4 Ways Business Development Can Help M&A Professionals and Service Providers Survive a Recession
If you graduated before 2010, chances are you remember the Great Recession. Chris invested 3 years and hundreds of thousands of dollars into law school and graduated in 2008 at the top of his class with a job offer at one of the biggest firms in the city. But just months after starting his job as a junior associate, he, along with nearly everyone else in his class, was laid off. With little work experience and the competition of 2009 and 2010 grads, Chris couldn’t find another position. Melanie got her MBA in 2009 with a job offer to work at one of the largest investment banks in the country. But the offer came with a condition – that she start working in 2011. Again, with over a hundred thousand dollars invested in business school, it wasn’t the ROI she was expecting.
The majority of reputable financial news sources agree: a global recession is coming. While the world experienced a recession in the beginning of the pandemic, it only lasted about 2 months. The Great Recession of 2007-2009 was the last significant global recession, which means if you graduated after 2010 you probably haven’t truly experienced what it means to live (and hopefully work) through a recession. Unfortunately, if history teaches us anything, an impending recession will likely bring with it a decline in M&A activity, deal performance, lay-offs and fewer new employment opportunities, as well as budget cuts for L&D and business development activities.
If your palms are starting to sweat, take a deep breath. You can survive a recession. But in order to do so, you must recognize that business development is now more important than ever. Business development can:
- Increase Your Revenue: The primary reason that people do business development is that it usually translates into revenue at some point. During a recession, where deal flow is slower, people with a bigger book of business and better relationships are more likely to continue to stay afloat, close deals, and/or be the go-to person when a deal is percolating. And while revenue might slow down during a recession, business development is all about creating long-term value. When the recession ends, those who stayed the course and continued to focus on business development efforts will reap the benefits.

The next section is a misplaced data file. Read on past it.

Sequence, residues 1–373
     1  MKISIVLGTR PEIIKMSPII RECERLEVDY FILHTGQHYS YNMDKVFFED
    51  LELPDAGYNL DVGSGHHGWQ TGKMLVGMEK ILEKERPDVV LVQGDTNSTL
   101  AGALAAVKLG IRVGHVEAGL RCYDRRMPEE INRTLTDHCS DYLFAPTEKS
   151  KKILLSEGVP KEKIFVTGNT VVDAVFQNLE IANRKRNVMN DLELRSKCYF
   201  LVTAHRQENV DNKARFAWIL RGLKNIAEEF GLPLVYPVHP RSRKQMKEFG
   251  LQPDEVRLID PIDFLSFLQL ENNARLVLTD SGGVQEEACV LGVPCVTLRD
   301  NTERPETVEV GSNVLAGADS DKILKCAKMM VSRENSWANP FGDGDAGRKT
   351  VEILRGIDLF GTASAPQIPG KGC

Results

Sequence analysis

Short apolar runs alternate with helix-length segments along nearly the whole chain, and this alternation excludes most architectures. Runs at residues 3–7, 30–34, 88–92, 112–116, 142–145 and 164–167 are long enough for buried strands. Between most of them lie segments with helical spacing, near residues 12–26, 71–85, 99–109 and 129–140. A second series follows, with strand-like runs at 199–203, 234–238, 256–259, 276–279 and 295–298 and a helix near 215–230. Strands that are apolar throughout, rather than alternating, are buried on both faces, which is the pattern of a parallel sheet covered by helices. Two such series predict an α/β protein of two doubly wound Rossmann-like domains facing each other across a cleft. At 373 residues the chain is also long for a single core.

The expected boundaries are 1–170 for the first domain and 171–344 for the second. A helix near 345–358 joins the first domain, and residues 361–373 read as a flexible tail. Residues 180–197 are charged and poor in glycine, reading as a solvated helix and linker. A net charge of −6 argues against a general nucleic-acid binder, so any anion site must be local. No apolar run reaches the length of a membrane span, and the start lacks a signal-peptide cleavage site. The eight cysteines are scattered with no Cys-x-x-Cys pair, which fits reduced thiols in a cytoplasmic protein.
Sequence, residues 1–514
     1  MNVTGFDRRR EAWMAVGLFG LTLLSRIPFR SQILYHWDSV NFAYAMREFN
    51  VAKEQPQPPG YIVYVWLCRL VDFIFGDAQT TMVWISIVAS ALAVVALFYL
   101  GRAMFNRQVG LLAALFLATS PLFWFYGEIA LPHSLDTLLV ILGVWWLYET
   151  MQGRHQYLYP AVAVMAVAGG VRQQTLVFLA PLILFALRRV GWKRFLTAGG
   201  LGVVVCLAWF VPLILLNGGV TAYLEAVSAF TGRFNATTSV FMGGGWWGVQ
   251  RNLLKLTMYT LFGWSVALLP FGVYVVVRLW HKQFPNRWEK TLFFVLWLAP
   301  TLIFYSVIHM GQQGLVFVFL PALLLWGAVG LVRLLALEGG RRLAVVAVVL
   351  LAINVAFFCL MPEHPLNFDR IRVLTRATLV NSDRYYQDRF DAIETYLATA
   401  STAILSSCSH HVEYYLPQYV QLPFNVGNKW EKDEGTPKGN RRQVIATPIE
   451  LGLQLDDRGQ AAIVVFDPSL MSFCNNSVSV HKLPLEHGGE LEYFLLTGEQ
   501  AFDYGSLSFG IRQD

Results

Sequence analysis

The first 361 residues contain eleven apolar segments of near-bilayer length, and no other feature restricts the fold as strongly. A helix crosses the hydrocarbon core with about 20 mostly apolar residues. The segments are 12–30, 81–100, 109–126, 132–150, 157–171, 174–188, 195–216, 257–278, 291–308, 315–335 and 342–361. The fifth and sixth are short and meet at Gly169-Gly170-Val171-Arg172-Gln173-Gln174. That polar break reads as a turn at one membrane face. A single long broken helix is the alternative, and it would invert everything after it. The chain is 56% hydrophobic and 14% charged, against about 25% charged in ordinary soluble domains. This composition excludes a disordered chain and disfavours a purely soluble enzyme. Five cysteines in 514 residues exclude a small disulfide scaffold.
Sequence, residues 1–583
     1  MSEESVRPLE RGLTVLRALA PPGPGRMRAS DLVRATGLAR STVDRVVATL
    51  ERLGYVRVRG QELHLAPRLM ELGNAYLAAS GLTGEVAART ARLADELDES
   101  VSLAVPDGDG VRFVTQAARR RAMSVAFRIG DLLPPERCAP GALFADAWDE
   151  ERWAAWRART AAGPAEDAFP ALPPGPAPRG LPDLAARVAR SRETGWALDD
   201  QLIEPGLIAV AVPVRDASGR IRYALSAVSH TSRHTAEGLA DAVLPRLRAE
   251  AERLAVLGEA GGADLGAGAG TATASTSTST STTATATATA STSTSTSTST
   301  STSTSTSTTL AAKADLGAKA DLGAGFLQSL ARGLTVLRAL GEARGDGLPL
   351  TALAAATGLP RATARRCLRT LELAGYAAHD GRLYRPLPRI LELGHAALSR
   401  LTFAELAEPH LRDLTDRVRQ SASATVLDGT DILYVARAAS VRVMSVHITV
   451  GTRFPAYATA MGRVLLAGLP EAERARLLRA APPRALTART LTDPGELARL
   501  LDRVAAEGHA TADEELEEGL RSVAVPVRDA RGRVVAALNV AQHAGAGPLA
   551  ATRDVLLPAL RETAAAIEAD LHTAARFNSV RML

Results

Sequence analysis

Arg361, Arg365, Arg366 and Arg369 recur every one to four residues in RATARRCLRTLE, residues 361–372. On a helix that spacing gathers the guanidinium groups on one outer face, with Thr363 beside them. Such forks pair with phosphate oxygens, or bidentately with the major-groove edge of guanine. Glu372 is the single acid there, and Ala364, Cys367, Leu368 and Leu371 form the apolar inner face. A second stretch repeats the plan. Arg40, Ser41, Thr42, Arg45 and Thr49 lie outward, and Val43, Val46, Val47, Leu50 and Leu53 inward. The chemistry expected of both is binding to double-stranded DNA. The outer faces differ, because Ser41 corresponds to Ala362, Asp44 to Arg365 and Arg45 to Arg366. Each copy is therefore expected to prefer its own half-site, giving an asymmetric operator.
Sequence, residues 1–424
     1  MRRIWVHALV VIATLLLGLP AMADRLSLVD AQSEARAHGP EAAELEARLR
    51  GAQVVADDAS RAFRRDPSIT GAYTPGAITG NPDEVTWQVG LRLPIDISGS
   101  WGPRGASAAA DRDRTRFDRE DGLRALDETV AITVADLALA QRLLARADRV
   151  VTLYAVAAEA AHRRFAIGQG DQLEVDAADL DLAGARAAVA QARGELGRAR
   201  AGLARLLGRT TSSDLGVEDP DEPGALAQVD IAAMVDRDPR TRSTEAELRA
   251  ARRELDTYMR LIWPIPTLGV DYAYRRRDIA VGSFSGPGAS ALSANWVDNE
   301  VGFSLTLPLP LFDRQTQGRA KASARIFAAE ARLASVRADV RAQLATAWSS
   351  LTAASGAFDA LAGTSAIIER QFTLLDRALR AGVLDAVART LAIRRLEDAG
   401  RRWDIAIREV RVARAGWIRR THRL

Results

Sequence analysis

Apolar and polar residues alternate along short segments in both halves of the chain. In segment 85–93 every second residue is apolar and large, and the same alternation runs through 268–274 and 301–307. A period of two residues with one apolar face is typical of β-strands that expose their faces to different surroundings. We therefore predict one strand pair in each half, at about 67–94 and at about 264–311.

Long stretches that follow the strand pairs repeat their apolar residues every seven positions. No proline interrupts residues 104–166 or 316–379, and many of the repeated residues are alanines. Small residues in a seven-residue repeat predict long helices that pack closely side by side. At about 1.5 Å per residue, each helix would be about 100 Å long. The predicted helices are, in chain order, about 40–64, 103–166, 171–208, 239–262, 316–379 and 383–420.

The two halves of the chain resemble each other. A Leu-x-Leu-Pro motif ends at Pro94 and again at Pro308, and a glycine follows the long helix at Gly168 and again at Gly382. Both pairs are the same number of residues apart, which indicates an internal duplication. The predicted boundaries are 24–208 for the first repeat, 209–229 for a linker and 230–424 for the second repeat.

- Provide You With Leverage/Last Out: Aside from direct financial gain, another important reason to ramp up your business development efforts now is that it will give you leverage at your current organization. If your company ends up laying people off and you have your own book of business and/or a significant network, you likely won’t be the first to go. You’ll also increase your optionality and put yourself in a good negotiating position because you will be more desirable to other companies and firms.
- Facilitate New Employment Options: If you need or want to find another job, having a network makes it much easier. Referrals from people who are familiar with your work ethic and experience can go a long way.
- Create New Ventures: When the pandemic hit, I was in the process of expanding Opus Connect to London. With the travel lockdown and budget cuts, I had to temporarily shutter my dreams of expanding Opus to another country. But as a result, I was able to focus on other ventures that still addressed the needs of my customers, but that did so in a virtual format and at a lower price point. Having a wide network was what enabled me to easily create and sell those new products.
Hopefully I’ve convinced you that business development can play a key role in helping you and your organization survive the storm that is approaching. If you are looking for tips on how to do business development, consider attending one of my upcoming seminars on Mastering the Art of Business Development on November 9th or 10th. During this live workshop we will:
- Explore tips and tools
- Learn how to create a personal business development plan
- Take your career and your life to the next level
Register here: November 9; November 10
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By Lou Sokolovskiy, Founder & CEO at Opus Connect